Tuesday, January 27, 2009

Rearranging the deck chairs on the Titanic

The St. Louis Post-Dispatch reports that the Kidney Transplantation Committee of the United Network for Organ Sharing is considering changing the way kidneys from deceased donors are distributed:

The committee discussed three concepts that could be used in a new system to determine who gets kidneys:

— A formula that determines how long a patient can expect to live after receiving a new kidney.

— The amount of time a patient has been receiving dialysis treatments.

— A measure of the quality of the donated organ in relation to the candidate's age and health.

This is like rearranging the deck chairs on the Titanic. None of these changes will do anything to increase the supply of kidneys.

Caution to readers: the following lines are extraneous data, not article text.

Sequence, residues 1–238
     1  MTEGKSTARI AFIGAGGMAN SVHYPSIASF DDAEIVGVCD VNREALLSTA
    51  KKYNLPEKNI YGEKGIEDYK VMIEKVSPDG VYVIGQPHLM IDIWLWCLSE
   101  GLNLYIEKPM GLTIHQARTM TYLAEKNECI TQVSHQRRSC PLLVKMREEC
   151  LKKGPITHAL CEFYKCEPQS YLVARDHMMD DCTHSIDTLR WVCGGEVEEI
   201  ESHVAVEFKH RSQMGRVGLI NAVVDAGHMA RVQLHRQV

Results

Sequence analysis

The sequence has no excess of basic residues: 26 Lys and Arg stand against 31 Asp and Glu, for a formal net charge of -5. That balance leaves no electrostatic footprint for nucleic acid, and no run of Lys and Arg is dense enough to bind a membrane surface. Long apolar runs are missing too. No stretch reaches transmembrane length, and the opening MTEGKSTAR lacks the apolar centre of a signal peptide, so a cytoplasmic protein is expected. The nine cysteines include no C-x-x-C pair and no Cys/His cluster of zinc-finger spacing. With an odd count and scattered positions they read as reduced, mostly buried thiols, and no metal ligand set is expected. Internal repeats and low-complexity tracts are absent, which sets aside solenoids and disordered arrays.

UNOS continues to treat organ allocation as a zero-sum game. It doesn't have to be that way. UNOS can increase the supply of organs by allocating donated organs first to people who have agreed to donate their own organs when they die.

If UNOS did this, just about everyone would sign up to be an organ donor. It would also make the organ allocation system fairer. People who aren't willing to share the gift of life should go to the back of the transplant waiting list.

America doesn't have an organ shortage. We have an organ donor shortage. Americans bury or cremate 20,000 transplantable organs every year. About 8,000 Americans die every year waiting for organ transplants. UNOS should do the math.

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